Infant Christening

 



 

Infant christening or infant baptism is commonly celebrated in many Christian denominations. The exact details of the baptismal ceremony vary among Christian denominations. Many follow a prepared ceremony, called a rite or liturgy. In a typical ceremony, parents or godparents bring their child to their congregation's priest or minister. The rite used would be the same as that denomination's rite for adults, i.e., by pouring water (affusion), or others by sprinkling water (aspersion). Eastern Orthodox and Eastern Catholic traditions normally practice total immersion and baptize babies in a font and this practice is also the first method listed in the Baptismal ritual of the Roman Catholic although pouring is the standard practice within the Latin branch of Catholicism. Catholic and Orthodox churches do not sprinkle. At the moment of baptism, the minister utters the words "I baptize you (or, 'The servant of God (name) is baptized') in the name of the Father, and of the Son, and of the Holy Spirit”.

In Unity we do not make use of water in baptism, as did John of old, but prefer to follow the example of Jesus whose form of baptism John the Baptist foretold: “The cometh one after me he that is mightier than I, the latchet of whose shoe I am not worthy to unloose. I baptize you in water; but he shall baptize you in the Holy Spirit.” We acknowledge that when Jesus said to his disciples, “Suffer the little children come unto me,” he showing the right attitude toward children. They are to be received in the love of God. They are not to be kept apart from the things of God for they too have a rightful place in the divine plan. We are reminded that “For to such belongeth the kingdom of God.”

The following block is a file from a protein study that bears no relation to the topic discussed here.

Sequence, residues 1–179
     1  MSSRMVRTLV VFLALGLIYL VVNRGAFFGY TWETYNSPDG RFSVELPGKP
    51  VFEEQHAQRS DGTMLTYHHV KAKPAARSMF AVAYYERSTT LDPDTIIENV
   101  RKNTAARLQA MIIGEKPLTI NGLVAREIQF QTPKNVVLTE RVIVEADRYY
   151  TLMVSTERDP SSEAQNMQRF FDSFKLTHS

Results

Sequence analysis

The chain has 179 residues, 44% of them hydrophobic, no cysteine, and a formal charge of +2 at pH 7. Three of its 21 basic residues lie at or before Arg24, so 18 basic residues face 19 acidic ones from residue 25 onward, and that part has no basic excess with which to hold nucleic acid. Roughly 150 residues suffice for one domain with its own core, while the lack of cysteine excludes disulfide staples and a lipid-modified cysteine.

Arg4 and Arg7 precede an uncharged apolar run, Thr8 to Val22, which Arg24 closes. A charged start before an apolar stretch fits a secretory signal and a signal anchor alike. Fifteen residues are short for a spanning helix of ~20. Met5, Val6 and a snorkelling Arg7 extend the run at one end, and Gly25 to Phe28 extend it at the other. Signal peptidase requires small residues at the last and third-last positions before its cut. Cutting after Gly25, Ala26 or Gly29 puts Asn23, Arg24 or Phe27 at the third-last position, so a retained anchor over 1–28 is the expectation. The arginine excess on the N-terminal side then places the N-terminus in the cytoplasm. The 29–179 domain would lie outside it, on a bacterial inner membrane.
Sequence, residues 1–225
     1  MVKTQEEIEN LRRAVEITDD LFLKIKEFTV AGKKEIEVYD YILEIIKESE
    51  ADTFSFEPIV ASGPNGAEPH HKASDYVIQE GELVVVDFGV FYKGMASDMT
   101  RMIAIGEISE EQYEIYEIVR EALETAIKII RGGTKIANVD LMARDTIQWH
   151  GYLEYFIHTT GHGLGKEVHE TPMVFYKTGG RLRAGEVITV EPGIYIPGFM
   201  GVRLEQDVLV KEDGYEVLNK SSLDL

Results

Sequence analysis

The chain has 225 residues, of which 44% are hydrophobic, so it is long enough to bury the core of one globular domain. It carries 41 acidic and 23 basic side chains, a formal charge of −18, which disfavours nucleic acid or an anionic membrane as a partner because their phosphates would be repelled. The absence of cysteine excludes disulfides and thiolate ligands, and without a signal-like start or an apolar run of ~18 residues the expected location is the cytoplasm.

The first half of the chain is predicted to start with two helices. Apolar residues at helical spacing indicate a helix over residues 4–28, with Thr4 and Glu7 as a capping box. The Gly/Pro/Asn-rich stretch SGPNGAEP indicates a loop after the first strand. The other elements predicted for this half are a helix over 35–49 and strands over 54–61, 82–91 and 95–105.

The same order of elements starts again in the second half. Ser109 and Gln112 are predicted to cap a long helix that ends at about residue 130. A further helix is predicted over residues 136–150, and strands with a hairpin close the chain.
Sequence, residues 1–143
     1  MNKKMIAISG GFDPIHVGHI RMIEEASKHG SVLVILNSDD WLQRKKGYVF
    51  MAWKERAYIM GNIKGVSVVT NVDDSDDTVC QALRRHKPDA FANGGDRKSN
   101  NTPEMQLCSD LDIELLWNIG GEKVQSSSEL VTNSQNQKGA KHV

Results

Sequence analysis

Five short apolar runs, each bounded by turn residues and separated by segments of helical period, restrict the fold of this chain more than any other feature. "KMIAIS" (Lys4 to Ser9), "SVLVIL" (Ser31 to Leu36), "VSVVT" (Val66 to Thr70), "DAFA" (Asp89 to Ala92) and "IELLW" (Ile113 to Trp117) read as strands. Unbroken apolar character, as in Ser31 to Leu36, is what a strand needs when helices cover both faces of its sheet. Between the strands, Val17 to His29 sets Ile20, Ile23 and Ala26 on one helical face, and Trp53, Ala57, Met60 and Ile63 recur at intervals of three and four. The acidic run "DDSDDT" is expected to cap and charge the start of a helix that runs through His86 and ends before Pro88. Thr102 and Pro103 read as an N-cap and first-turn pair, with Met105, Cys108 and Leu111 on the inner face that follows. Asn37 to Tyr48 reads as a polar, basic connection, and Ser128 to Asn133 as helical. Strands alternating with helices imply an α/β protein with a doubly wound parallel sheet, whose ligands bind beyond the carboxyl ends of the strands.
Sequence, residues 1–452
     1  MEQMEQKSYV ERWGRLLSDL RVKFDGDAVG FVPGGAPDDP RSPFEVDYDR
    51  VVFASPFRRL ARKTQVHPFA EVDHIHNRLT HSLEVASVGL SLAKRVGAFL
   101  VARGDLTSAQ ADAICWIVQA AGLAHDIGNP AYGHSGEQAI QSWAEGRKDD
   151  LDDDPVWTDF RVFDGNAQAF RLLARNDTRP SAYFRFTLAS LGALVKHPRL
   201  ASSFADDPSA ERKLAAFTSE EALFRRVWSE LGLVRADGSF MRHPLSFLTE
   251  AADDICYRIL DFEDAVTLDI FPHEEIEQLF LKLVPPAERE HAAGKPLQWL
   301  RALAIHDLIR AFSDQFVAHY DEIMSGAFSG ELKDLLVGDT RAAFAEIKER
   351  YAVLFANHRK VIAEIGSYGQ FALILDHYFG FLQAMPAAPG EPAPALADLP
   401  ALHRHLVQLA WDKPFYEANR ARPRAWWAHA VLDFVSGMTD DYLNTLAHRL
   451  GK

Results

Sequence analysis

Although it is not required, many parents and godparents choose to dress the baby in a white gown called a christening gown for the Baptism ceremony. Christening gowns often become treasured keepsakes that are used by many other children in the family and handed down from generation to generation. Traditionally, this gown is white or slightly off white and made with much lace, trim and intricate detail. In the past, a gown was used for both boys and girls; in the present day it has become more common to dress children in a Baptismal outfit. Also normally made of white fabric, the outfit consists of a romper with a vest or other accessories. These clothes are often kept as a memento after the ceremony.

For more information call 330-883-3877 to speak directly with Reverend Schumacher.

Are you looking for a church setting for a spiritually uplifting infant christening service but are not a member of a congregation to meet your needs?

Unity is the perfect place!